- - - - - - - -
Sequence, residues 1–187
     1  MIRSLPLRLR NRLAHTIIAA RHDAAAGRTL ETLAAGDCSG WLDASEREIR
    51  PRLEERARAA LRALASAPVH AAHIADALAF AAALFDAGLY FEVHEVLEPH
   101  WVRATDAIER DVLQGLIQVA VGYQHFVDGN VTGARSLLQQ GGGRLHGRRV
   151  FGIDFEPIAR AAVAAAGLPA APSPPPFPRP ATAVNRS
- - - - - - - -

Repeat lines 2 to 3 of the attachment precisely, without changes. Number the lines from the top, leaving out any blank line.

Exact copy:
     1  MIRSLPLRLR NRLAHTIIAA RHDAAAGRTL ETLAAGDCSG WLDASEREIR
    51  PRLEERARAA LRALASAPVH AAHIADALAF AAALFDAGLY FEVHEVLEPH